The availability of work has been deteriorating, year after year, dating back to the begging of the 20th century. The future of work is being compromised and dismantled by the advancement of globalization, the ever so impactful progression of neoliberalism, and the evolution of the fourth industrial revolution. Technology became the catalyst that advanced and expanded the opportunities for growth on the job market. However, what was once intended to be used as a tool, became the disease that will permanently wipe out the incorporations of humans into this work force. Specifically, the type of work in jeopardy are the jobs that service individuals without degrees, individuals who are minorities, and individuals who work in sectors that could be automated through the use of technology. The removal of humans from these forms of work is part of the capitalist's agenda to minimize production and liability costs, for their own greed of profitable production. Through this development of capitalists' greed, the future of the economy and the need to unionize, will vanish due to the infestation of technological automation.
In order to understand why the need for union will vanish, it is important to understand the meaning of globalization, neoliberalism, and what is meant by the fourth industrial revolution. Globalization can be defined as the prosses in which businesses who manufacture goods make the decision to move their production facilities internationally, in order to minimalize the cost and speed of production. Globalization was one of the greatest's downsides to the advancements of production, because it impacted the quantity of quality paying jobs offered in the United States. However, one of the greatest impacts to the economy derived from neoliberal policies. Neoliberalism is the act of removing the government from having a say in pricing of the goods, meaning capitalists can sell their products through the act of supply and demand. Because of this policy, globalization was attractive to capitalists since they could control their costs of production by running cheaper facilities overseas. This implied less regulation in the work place and employee costs. Lastly, the fourth industrial revolution is the indistinguishable boundary between the interconnectedness of work and our digitally controlled lives. The advancement of technology is believed to outsource and replace humans in the work force. David Dixon Jr. exemplifies this in his article, “A History and Future of the Rise of Robots,” when he says, “rather than tools simply being an inert extension of his own self and expertise, they began making demands on his time.” He is painting the picture of the blurred lines between what a human does with technology and how that shifts to how a human is eventually managed by it. Ultimately, these three terms have been redefined under the influence of capitalism, but the greatest role these three terms played was in the assistance of demolishing unions in the United States.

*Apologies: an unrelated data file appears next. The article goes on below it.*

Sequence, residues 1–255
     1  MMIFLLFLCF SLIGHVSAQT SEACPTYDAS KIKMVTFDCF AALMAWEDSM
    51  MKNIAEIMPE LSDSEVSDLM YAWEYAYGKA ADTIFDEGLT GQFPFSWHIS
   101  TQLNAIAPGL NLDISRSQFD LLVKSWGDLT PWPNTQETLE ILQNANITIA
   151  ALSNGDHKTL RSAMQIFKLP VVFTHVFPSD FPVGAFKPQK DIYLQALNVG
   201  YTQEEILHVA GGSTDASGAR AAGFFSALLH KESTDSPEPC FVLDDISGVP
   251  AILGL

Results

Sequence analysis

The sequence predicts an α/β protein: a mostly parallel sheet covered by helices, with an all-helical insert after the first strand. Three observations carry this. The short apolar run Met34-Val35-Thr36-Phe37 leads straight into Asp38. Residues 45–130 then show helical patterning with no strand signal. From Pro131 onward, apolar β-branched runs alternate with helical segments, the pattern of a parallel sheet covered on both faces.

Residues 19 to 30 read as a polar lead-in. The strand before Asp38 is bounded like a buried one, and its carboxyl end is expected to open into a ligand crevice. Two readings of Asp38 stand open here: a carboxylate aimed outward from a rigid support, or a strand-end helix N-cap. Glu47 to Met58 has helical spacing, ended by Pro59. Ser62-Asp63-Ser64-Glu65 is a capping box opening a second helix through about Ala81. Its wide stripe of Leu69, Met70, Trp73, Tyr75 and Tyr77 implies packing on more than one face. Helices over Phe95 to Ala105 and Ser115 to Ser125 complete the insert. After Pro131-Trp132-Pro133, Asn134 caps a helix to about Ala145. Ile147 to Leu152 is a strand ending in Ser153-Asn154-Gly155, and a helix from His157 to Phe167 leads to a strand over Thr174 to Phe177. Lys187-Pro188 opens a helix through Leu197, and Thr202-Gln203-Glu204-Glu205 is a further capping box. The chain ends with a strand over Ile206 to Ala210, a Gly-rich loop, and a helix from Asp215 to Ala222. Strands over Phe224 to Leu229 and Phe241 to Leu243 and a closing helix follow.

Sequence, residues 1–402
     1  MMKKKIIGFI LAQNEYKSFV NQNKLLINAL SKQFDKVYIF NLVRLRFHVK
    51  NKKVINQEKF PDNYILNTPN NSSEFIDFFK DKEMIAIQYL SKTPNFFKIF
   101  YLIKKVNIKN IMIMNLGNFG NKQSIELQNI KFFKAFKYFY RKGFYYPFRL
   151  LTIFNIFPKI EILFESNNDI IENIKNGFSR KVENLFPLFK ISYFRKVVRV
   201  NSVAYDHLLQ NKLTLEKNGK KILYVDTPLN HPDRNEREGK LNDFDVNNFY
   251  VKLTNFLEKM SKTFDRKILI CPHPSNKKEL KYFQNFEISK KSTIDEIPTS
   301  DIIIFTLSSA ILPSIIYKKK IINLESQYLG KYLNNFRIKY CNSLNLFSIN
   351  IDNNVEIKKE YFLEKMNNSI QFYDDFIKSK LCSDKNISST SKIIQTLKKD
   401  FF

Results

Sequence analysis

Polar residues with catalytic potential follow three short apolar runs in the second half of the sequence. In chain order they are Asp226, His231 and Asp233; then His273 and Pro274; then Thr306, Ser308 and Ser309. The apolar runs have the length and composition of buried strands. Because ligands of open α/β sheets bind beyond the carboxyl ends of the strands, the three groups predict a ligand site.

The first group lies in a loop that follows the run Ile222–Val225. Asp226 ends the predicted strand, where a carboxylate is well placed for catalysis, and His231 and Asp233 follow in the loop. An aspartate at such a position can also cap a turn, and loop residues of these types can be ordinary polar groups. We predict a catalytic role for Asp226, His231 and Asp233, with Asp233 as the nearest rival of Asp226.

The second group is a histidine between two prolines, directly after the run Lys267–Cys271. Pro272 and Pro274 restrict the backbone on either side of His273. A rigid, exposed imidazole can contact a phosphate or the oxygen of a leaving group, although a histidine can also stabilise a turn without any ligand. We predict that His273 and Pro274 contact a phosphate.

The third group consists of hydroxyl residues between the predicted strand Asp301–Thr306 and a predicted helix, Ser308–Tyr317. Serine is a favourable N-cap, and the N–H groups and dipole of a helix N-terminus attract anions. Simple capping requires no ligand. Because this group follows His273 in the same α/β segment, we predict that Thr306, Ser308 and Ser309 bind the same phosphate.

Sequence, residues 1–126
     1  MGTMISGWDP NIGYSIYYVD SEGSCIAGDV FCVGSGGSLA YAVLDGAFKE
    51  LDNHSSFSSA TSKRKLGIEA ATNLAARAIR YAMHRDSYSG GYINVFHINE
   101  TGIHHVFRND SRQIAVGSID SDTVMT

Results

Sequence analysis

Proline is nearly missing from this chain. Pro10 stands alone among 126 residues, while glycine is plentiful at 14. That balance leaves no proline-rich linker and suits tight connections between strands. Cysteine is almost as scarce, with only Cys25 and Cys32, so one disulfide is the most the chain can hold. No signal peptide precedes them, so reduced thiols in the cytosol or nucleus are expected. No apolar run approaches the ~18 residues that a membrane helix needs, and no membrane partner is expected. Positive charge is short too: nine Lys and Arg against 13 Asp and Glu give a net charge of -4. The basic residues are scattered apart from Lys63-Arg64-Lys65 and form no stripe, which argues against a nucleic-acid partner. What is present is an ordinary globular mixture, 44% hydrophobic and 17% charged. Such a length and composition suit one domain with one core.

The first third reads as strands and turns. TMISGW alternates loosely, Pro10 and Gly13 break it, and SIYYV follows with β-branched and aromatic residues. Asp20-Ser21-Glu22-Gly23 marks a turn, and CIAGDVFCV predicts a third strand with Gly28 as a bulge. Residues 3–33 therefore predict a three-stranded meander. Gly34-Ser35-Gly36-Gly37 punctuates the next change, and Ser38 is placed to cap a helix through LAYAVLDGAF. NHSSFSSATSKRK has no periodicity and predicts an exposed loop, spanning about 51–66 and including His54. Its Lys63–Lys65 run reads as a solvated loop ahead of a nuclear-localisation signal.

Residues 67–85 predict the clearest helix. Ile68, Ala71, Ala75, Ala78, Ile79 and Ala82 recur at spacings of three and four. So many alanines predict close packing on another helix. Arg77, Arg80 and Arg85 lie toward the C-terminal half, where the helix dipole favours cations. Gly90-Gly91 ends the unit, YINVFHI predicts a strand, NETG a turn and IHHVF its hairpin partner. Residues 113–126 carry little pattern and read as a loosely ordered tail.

The rise and fall of service and financial sectors came to be with the developmet of globalization. According to Douglas Massey, author of The American Stratification System, “The international Monetary Fund (IMF) guaranteed the convertibility of currencies and ensured international liquidity to prevent recurrent monetary crises, and the General Agreement on Tariffs and Trade (GATT) worked to lower barriers to the international exchange of goods, capital, commodities, and services.” Globalization was built on the fundamentals of security, but security limited to the capitalists' profit. The exchange of currencies, and its ability to be liquified, highlights the aspect of how money itself became a form of technology. Removing the physical touch of money made it easier to remove people from the production line in the United States. This form of segregation between reality and the future is a key component to the success of capitalists' engineering the Fourth Industrial Revolution.